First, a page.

I finally got the opportunity to see The Passion of the Christ on Friday night. Well the first half anyway. Now my not having seen it, long before Friday of course, wasn’t necessarily a case of me not wanting or avoiding seeing it. As it was the opportunity never presented itself. And, by no means, did it hurt there are literally thousands of film makers film’s I’d rather watch before watching one from Mel Gibson. I digress.
Keep in mind I know next to nothing concerning Jesus Christ. Not that I necessarily have any issues with finding out. But I have priorities, and reading about the life and times of Jesus of Nazareth hasn’t ever ranked very high on a reading list for me. This is neither a historical or a religious commentary toward the significance of this film. This is merely a couple of first impressions from a piece of entertainment. Taken at face value…
I’m coming into this film “straight off the street,” with virtually no context into what I was watching, and it took a while to get my bearings. But before long, once my feet were wet, I wasn’t cognizant of the fact I was reading subtitles — nice big, legible subtitles, too (though the type wasn’t much to look at, typographically speaking). And, not only that, but I was completely captivated with the story and characters, as well. It’s not all that bad a movie, quite honestly.
It’s a story about the absolute worst in humanity, but in spite of that, the inspiring strength of the human spirit to survive.
My initial impressions mainly centred around two elements in the film. The violence and the controversy I recall the film inciting when it was initially released — that being the Jews were responsible for Jesus’ crucifixion. What follows is what I could gather, again, from watching the first half. And, for the record, I intend to watch the second half, soon. It’s just 3 and a half hours (see my addendum) to sit while watching a movie is a tad tedious. This ain’t no Lord of the Rings — even though some of those characters looked like they came from Middle Earth.
Before I say this, don’t get me wrong, the violence depicted in the film is pretty graphic. And the effect of said violence is compounded by the fact these things are done to an individual for reasons his executioners believed he was something they were convinced of. Nothing more. But can you really say the violence was out of line with many other movies released today? Or even yesterday? Take the year 1974 as an example. And one movie specifically. The Texas Chainsaw Massacre. A movie still infamous, in today’s film environment no less, for it’s graphic depictions of violence.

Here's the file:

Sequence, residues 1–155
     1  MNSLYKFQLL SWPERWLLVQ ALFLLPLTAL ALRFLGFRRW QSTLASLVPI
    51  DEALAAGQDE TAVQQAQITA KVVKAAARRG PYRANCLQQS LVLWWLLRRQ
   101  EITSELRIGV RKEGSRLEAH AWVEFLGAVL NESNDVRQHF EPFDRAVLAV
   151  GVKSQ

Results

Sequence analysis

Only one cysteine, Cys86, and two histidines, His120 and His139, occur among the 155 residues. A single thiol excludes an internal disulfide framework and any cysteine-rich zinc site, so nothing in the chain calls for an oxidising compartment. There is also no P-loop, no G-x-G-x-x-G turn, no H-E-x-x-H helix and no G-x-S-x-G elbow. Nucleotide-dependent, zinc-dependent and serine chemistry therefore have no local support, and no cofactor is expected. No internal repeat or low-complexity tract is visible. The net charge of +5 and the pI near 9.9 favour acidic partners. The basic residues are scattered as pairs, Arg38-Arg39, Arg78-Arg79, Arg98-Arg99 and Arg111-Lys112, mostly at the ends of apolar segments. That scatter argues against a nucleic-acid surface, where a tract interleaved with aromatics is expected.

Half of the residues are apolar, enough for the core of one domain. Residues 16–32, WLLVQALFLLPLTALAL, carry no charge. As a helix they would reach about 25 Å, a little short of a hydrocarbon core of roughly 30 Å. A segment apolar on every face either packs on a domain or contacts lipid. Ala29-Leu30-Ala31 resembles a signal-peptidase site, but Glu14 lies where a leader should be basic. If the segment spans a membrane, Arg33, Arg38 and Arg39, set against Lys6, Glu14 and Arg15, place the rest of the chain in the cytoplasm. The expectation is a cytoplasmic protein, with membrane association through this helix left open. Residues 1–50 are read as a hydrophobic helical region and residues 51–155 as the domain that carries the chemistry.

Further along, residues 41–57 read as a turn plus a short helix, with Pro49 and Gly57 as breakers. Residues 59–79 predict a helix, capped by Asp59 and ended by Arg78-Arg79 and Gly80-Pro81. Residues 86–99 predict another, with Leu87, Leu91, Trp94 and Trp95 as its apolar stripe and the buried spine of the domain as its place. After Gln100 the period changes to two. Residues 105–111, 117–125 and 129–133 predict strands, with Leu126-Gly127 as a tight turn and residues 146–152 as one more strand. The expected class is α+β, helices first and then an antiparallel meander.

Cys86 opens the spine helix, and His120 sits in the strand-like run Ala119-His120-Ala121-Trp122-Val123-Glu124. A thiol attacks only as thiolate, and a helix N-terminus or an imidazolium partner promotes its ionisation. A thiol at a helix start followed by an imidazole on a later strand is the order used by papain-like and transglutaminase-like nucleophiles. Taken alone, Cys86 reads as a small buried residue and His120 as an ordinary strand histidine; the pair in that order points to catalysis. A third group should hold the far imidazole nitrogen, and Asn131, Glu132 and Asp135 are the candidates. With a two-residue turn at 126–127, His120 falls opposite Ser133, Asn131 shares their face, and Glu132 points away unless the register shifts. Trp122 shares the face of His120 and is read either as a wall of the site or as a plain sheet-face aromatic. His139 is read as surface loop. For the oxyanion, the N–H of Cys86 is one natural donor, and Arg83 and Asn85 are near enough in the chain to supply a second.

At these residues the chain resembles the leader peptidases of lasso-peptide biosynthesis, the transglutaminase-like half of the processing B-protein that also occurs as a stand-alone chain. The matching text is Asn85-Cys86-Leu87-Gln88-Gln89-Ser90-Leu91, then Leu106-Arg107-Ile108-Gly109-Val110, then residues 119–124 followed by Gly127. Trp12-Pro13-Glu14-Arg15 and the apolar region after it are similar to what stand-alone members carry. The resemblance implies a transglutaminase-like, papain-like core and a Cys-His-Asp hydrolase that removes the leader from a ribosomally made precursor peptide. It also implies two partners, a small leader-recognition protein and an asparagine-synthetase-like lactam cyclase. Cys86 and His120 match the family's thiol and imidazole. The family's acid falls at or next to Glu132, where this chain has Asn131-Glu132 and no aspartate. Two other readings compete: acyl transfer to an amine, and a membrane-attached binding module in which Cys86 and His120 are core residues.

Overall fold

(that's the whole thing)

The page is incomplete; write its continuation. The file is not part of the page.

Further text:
Now I’m not comparing the two films, at all. Just aspects from their content. Though there is a reason I cited the Massacre, in particular. Violence isn’t all they both have in common. Each are interpretations (remember that is all a movie is) of events that supposedly really happened. And is beside my point.
As far as my second impression, the Jews being responsible for Jesus’ death. First off the only reason, I think, that had any legs was The Passion of the Christ was made by Mr. Gibson. I’m merely making that point for the reason that Mel seems to have some none too favourable opinions concerning Jewish people. Is he anti-semitic? It’s entirely plausible. However I do know anything I could write about him here is sure to be outdone by his loud mouth, sooner or later. I chose to remain patient.
But as far as my second impression goes, if you take the reason that the Jerusalem “mob” who demanded Jesus’ execution was responsible of Jesus’ death, it’s, at best, a sloppy argument. What choice did the Pontius Pilate have but to follow the mob’s wishes? The mob was convinced he was a “heretic.” There is a reason it is referred to as “mob mentality.” Mobs aren’t typically known for their reluctance, taking time to debate all the issues at hand, weigh the facts, decide on the most plausible explanation, then go from there. And religious belief (on the whole) isn’t known for its calm, rational thought, in situations such as these, especially.
Pontius Pilate had no more choice than to abide by that mob than Barack Obama had in dealing with the American mob by going into Pakistan after Osama bin Laden. If retaining power and appeasing the masses is the goal, which it so obviously is in Obama’s case, than I fail to see the merits in blaming an entire people for the actions of a few. The fact the people in the mob were Jewish is irrelevant. That isn’t excusing a mob, any mob, from the consequences of what they demand. Not that I think bin Laden didn’t deserve to be punished. But how is killing him, and relieving his suffering — being on dialysis can’t be fun (I don’t recall what it was like myself, being in a coma, and all) — punishment? Not only that but sending him to what he believed was his fate is “justice?” All because of your beliefs? That “logic” is beyond me.
Granted these arguments, and this movie, have more than one facet. A lot more than I’ve written about here. Things I can’t appreciate. I’m not saying it hasn’t, because I know it does, I’m merely saying if you’re willing to think more deeply about a movie, a movie such as this one for instance and everything it apparently represents, why should it stop there. Delve deeper. Nothing is ever this or that. Put yourself in another individual’s circumstances and try to imagine what they must think and feel. And, most importantly, why…
It’s Sunday evening and I just sat down to watch the rest of this movie, with a keen interest to see how Mel filled the “second half,” what with Jesus already on the cross and all. Turns out The Passion of the Christ is not 227 minutes long, but rather 127 minutes long. I need to pay closer attention to what people say to me, eh?